Rapprochement between rival Palestinian factions Hamas and Fatah received a new boost on Monday, after each of the movements said it would allow the other to hold rallies in their respective territories for the first time since the groups violently broke in 2007.
Observers say that Hamas’s perceived victory over Israel in operation Pillar of Defense and the Palestinian Authority’s successful bid to receive recognition as a nonmember state at the UN have allowed the two organizations to perform political overtures that were not possible before.
National reconciliation remains a central demand for average Palestinians and PA President Mahmoud Abbas promised to give it priority upon his return from New York last week.
Khalil Assaf, head of the Consortium of Independent Palestinians, a grassroots organization of businessmen and academics, said Monday that Hamas would hold a mass rally in the West Bank city of Nablus this Thursday to mark the movement’s 25th anniversary. On Saturday, Hamas brought hundreds of thousands of supporters to the streets of Gaza to celebrate the occasion.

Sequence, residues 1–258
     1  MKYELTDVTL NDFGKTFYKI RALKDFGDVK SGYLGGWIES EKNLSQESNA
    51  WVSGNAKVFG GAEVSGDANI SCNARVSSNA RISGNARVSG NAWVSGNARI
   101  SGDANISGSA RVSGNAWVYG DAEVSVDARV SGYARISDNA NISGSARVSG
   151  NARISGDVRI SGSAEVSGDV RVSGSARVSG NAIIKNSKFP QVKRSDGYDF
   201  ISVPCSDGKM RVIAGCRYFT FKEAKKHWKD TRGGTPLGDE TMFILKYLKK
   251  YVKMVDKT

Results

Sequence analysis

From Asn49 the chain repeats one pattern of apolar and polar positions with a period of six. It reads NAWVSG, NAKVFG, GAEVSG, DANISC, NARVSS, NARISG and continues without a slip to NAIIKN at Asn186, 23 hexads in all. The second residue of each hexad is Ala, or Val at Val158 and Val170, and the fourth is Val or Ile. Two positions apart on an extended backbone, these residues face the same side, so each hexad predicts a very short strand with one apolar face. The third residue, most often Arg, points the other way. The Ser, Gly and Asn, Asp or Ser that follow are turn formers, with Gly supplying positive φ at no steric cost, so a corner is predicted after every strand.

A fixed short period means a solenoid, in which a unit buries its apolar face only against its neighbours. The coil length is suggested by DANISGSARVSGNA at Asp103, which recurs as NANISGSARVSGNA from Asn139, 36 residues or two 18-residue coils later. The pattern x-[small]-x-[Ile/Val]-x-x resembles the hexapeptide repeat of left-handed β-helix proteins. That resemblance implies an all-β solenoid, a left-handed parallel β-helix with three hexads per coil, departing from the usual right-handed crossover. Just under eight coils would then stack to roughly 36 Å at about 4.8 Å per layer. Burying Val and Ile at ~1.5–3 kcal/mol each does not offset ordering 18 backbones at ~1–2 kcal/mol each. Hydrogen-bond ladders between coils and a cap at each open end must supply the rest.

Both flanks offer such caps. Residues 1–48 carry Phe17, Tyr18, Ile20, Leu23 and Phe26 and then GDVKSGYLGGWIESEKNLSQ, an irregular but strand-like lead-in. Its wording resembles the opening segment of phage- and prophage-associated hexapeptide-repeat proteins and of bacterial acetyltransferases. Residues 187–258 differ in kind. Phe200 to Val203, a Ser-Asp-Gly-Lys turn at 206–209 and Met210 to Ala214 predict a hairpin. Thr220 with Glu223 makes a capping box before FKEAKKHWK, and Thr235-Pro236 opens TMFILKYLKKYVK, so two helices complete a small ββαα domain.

“The atmosphere of reconciliation has become real here in Nablus,” Assaf, a politically unaffiliated engineer and businessman, told The Times of Israel. “Until recently there was fear [to hold Hamas activities], but now things are more positive and it’s only natural to allow such celebrations, which used to take place in the past.”
Similar goodwill could be felt in Gaza as well. Two days after Hamas held its Gaza rally on Saturday, Fatah announced that it, too, would hold celebrations in the city marking the 48th anniversary of the “Palestinian revolution” — a reference to Fatah’s first armed attack against Israel’s national water pipeline on December 31, 1964.
According to a statement issued by the Fatah office in Gaza Sunday, the celebrations will highlight “the Palestinian principles”: the Palestinian refugees’ right of return; independence; Jerusalem; the right to use [armed] resistance; and the release of prisoners.
Ahmad Assaf, a spokesman for Fatah in the West Bank, confirmed that his movement would be allowed to celebrate in Gaza for the first time in five years.
“It is only natural for such celebrations to take place in Gaza,” Assaf told The Times of Israel. “What was unnatural was that they were banned before.”
Assaf added that the new atmosphere of reconciliation will hopefully allow celebrations to occur annually in the Gaza Strip, as they do in the West Bank and in Palestinian refugee camps abroad.
Goodwill between Fatah and Hamas has not yet trickled all the way down, however. Members of the Palestinian Authority’s security forces continued to arrest and question Hamas operatives in cities across the West Bank over the weekend, reported the Palestinian Information Center, a Hamas-affiliated news agency.
Source: Times Of Israel